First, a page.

We exploit cross-sectional and temporal differences in search intensity in order to examine the relationship between search costs and price dispersion using a hand-collected panel data set from Jerusalem's Shuk Mahane Yehuda outdoor market. We present empirical evidence that price dispersion increases with the cost of search using several different measures of price dispersion; however, our interpretation of this finding is sensitive to the search proxy in question. We also address several acute difficulties facing empiricists seeking to test theoretical price-dispersion models in which consumers are heterogeneous in their search behavior. (JEL L11, L13).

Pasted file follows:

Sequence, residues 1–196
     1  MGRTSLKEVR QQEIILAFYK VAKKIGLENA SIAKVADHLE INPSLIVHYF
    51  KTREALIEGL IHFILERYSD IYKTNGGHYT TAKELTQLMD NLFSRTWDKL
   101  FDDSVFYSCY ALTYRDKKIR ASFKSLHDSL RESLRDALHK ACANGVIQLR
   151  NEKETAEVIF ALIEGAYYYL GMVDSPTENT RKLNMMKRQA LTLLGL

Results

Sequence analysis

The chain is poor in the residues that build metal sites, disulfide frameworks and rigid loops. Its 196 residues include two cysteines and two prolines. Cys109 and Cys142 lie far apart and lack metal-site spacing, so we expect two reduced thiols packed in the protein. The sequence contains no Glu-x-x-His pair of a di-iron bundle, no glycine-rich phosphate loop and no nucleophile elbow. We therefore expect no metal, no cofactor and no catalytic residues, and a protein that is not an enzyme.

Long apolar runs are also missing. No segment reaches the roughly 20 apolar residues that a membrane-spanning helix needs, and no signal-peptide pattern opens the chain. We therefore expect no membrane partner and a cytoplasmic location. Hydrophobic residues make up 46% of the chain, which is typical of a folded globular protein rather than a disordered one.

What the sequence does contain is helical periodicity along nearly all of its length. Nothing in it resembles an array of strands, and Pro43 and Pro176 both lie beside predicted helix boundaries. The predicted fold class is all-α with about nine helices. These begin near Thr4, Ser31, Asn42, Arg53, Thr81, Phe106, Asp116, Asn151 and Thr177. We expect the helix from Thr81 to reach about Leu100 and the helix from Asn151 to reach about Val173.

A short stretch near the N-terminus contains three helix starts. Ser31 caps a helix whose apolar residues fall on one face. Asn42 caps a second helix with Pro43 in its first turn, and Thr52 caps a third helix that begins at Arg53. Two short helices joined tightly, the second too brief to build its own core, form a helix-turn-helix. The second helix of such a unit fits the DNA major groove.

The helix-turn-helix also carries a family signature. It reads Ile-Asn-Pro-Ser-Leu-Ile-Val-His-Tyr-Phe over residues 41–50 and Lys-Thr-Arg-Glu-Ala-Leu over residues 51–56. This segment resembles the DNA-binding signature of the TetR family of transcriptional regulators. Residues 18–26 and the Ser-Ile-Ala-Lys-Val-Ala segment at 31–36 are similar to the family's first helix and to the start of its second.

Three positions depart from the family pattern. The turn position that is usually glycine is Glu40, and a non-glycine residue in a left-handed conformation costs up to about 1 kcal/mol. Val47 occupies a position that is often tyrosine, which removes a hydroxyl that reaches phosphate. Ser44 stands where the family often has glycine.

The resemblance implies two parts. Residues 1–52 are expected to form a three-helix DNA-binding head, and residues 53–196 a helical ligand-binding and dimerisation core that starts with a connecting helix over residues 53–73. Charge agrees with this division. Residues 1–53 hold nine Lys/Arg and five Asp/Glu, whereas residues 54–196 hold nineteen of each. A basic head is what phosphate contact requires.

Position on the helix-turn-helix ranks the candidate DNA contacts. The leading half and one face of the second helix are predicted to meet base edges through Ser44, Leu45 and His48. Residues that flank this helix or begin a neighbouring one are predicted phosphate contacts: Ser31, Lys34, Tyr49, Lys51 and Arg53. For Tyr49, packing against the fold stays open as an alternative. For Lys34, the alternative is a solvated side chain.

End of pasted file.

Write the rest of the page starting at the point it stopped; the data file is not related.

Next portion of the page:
|Number of pages||21|
|State||Published - Oct 2017|
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